Children diagnosed with attention deficit hyperactivity disorder (ADHD) tend to lag behind their peers long after they leave school, earning less as adults and living with their parents longer, a new study finds.
This is often true even if the hallmark symptoms of the disorder — including inability to focus, hyperactivity, fidgetiness and impulsivity — appear to have abated.
The study’s takeaway? “You can still expect real-world, meaningful consequences based on the childhood diagnosis of ADHD,” said lead study author William Pelham III, of Arizona State University.
Those meaningful consequences may translate into a greater likelihood of a poor financial prognosis for adults with a history of ADHD compared to their unaffected peers. That’s according to the study, which tracked 364 adults ages 25 to 30, who had been diagnosed with ADHD as children, and compared them to same-age peers without a history of ADHD (control group).
By age 30, those without ADHD were far more likely than participants with a history of ADHD to have obtained the following traditional markers of financial independence: homeownership (42% versus 22%), savings (an average of $9,970 vs. $3,990), and living outside of one’s parent’s or family member’s home (91% vs. 70%).
Moreover, the investigators noted that by age 30, the adults with a history of ADHD were already earning 37% less per month than controls. They say these income disparities are similar to those found in studies of adults with serious mental illness, and worse than those found in studies of people with post-traumatic stress disorder.
According to the investigators, previous studies have reported similar findings: lower income, less savings, and greater likelihood of receiving public assistance among adults with ADHD. But this new study is the first, they say, to evaluate the potential cumulative effect of these factors on anticipated net worth over the life span.
Over their working lifetime, study participants with a history of ADHD are projected to earn $1.27 million less than controls, Pelham’s team said. That means they’ll retire with up to 75% lower net worth than their peers without a history of ADHD.
Even the 35% of study participants who no longer reported any symptoms of ADHD fared worse as adults, financially. Pelham suggested that study participants who reported not having any symptoms of ADHD as adults simply may not be recognizing the symptoms, rather than not experiencing them. After all, he noted, it’s teachers and parents — not children — who report symptoms that lead to a diagnosis of ADHD during childhood.
Certain limiting factors of the study are worth noting. Its small sample size is one. In addition, many of the participants with ADHD — slightly more than is typical among children with ADHD — also met criteria in their youth for additional behavior disorders: 47% for oppositional defiant disorder and 36% for conduct disorder.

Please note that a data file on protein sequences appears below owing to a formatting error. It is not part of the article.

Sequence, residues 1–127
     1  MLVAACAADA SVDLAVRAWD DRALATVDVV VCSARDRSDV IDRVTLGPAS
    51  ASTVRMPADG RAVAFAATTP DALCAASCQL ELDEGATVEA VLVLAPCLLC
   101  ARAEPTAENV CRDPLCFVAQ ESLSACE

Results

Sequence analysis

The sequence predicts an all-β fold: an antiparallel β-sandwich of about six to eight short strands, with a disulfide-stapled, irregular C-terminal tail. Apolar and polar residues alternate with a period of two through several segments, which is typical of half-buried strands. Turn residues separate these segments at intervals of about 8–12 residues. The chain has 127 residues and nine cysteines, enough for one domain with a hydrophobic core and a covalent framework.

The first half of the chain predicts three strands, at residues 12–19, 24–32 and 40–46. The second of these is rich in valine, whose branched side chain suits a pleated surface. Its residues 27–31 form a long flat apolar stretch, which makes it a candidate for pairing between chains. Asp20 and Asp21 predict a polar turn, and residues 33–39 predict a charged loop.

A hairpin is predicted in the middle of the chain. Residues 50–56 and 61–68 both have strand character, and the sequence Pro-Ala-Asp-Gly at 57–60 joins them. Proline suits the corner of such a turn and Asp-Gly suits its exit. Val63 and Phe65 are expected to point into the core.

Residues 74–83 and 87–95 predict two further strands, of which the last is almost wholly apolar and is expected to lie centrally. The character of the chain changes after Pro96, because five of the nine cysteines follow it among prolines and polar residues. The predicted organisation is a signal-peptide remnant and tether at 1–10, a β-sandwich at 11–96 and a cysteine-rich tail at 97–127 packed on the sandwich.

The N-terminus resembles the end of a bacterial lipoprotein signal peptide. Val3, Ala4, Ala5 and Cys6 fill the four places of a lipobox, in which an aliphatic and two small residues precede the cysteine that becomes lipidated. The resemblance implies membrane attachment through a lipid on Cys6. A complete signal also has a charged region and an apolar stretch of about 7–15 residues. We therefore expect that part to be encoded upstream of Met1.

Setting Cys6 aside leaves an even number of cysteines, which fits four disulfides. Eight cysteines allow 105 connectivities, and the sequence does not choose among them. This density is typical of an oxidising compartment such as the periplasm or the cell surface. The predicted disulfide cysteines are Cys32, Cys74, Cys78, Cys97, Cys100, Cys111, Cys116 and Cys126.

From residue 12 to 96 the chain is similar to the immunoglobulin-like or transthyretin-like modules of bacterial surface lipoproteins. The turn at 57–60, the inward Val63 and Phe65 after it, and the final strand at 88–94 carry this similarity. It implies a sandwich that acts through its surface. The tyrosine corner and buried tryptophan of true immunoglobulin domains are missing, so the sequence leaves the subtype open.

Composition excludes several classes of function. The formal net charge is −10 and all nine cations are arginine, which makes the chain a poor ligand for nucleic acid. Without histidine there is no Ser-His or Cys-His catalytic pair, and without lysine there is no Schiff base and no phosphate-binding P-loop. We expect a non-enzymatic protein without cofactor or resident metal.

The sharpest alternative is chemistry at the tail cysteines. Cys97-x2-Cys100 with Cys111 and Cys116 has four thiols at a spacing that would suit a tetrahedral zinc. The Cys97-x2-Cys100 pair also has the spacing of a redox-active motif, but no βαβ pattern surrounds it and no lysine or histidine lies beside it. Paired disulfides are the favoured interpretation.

Limitations aside, the study results do serve as a wake-up call, said an expert not involved with the study.
“This is one in a number of studies that indicates we need to do a better job for these kids,” said Dr. Marianne Glanzman, an attending physician in the Division of Developmental and Behavioral Pediatrics at Children’s Hospital of Philadelphia.
Glanzman said children with ADHD need strong educational support in a number of areas, which can continue to confer benefits throughout adulthood.
“Young children with ADHD may have a hard time learning things just by being told them,” she said. “And we probably have not focused enough on how to teach older kids with ADHD the most productive ways for them to learn.”
In addition, people with ADHD need to be taught certain skills that may come naturally to others, said Glanzman. These include executive skills, used for planning and setting goals, which may help kids map out plans for a school project and allow adults to meet a work deadline.
Also critical and often overlooked are social skills, she explained, which can improve the ability to make and maintain friendships or, later on, establish relationships with colleagues and bosses.
Glanzman also emphasized the importance of sound nutrition, good sleep habits and stress management in optimizing brain development.
Still, people with ADHD aren’t doomed to a life of underachievement and financial dependence. “I know lots of kids with ADHD who have grown up to be very successful,” said Glanzman. “We haven’t sufficiently studied the factors present in children with ADHD who become successful adults.”
The study was published online recently in the Journal of Consulting and Clinical Psychology.
The U.S. National Institute of Mental Health has more on ADHD.
SOURCES: William Pelham III, psychology department, Arizona State University; Marianne M. Glanzman, M.D., attending physician, Division of Developmental and Behavioral Pediatrics, Children’s Hospital of Philadelphia; Journal of Consulting and Clinical Psychology, Dec. 2, 2019, online